Making Waves – in & out of the Pool!

An Olympic sport since the first Games of the modern era in 1896, swimming has always aroused great interest among both the public and the medical scientific community. Through the diversity of its disciplines, and especially because it is practised in an unnatural environment for people, swimming has always been the subject of a great deal of sports-medicine research. This research, both biomechanical and biophysiological, has brought about an improvement in athletes’ conditions and training equipment and, consequently, their performances.

The truth is that the world of competitive sports is far from static and is constantly changing. Significant change has resulted from recent advances in science and technology. Sport science and medicine play a very important part in the performance of a swimmer. Science can maximize potential and help fine-tune the athlete, making small improvements in the swimmer’s performance, which is often significant as just a few hundredths of a second can decide the result of races.

Historically competitive swimmers have trained to improve swim performance by swimming frequently, for long durations at various intensities. Recently, coaches and swimmers have looked outside the pool for training methods which may offer additional benefits to performance beyond those which can be gained from swimming alone. At Fitter Futures Athlete Academy, emerging athletes can access specialised strength and conditioning programs specifically tailored to each athlete. Tiny tweaks to technique can improve flexibility, strength, and efficiency in the water—and result in faster times.

Proper technique can also help swimmers avoid injuries. In addition to the performance gains associated with strength training, it is important to consider the injury preventive aspects of integrating strength training into the swimmers’ preparations. The need for early and regular strength training arises from the observation of overuse injuries typical of swimming. The development of maximum strength is the basis for power needed in starts, turns and swimming.

After identifying techniques to improve, the next step is to start a regular practice of drills and exercises. Certain exercises target specific skills or abilities, such as weightlifting for building strength. Athletes regularly perform drills to perform overall swimming performance with exercises that target:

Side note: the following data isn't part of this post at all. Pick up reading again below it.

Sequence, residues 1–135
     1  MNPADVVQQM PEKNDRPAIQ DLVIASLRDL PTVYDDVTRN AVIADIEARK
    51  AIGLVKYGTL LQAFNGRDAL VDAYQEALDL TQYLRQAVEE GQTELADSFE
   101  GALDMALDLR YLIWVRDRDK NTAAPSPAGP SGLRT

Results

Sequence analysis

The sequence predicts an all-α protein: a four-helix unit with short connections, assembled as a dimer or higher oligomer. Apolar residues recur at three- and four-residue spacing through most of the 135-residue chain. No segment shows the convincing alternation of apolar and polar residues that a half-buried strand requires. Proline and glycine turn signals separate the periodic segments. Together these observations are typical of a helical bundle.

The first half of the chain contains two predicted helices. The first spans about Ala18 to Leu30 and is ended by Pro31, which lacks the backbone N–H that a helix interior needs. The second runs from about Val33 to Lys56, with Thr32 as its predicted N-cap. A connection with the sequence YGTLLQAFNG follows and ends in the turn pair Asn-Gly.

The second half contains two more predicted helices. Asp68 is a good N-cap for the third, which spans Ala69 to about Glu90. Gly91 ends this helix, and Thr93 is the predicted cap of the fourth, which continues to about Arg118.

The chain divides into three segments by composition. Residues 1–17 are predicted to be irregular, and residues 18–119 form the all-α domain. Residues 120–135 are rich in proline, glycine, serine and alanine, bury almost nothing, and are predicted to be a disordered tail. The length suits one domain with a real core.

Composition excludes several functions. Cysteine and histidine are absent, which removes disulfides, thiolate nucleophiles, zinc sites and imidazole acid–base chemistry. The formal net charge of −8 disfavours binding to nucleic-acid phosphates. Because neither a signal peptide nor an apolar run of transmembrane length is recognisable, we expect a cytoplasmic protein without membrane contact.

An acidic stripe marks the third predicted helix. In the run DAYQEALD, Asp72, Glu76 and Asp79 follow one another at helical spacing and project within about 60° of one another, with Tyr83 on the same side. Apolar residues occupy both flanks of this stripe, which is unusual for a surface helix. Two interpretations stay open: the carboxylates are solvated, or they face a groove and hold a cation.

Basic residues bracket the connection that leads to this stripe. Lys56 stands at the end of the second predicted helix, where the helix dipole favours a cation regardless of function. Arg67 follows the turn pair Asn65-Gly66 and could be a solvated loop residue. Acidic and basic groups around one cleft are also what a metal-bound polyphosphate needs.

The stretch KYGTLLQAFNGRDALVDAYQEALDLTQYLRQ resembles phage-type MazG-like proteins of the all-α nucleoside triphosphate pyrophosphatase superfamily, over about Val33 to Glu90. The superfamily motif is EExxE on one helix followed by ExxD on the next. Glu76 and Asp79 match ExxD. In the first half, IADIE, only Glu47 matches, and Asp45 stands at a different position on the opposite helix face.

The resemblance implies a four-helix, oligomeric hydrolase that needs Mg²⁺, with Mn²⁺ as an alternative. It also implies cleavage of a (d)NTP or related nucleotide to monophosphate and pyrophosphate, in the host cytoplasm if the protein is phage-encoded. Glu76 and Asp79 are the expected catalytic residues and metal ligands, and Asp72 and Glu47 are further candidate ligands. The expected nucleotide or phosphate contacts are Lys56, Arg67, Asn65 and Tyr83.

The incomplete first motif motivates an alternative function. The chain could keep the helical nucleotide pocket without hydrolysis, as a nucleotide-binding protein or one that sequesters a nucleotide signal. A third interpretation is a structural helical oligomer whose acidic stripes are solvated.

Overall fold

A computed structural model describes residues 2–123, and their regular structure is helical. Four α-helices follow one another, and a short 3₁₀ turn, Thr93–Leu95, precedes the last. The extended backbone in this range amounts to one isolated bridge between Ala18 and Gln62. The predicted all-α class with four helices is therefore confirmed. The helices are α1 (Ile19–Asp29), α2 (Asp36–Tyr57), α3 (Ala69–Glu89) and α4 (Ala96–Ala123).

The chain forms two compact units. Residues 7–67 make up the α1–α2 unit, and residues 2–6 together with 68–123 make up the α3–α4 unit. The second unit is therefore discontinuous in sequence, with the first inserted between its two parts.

• Form
  • Strength (including specific muscular development for short-distance sprinting and longer-distance performance)
  • Flexibility
  • Endurance
  • Range of motion
  • Balance and stability
  • Neuromuscular control
  • Body awareness in the water

Learning to swim fast is not a matter of a single, isolated moment of insight or accomplishment but the result of much dedicated training. With time, reflection, and a training routine that adapts to changing needs and swim goals, swimmers have all that they need to get stronger and faster—and ultimately achieve their personal bests. In a sport where victory is often determined by a fraction of a second, it’s obvious why one of the most sought-after secrets is how to swim faster. However, as the world’s most renowned coaches, athletes, trainers, and researchers know, there is no secret—just science and here at the Fitter Futures Athlete Academy, we aim to help athletes achieve their personal best while having fun in a safe environment.

Riewald, S & Rodeo, S . (2015). Science of Swimming Faster, Human Kinetics.
Concordia University Chicago. (2022). Biomechanics of Swimming: How to Swim Faster and Win More. Retrieved 5 November from
Tchounwou, P.B. (2022). Strength Training in Swimming. Retrieved 5 November 2023 from
British Swimming. Training and Sports Science. Retrieved 5 November 2023 from

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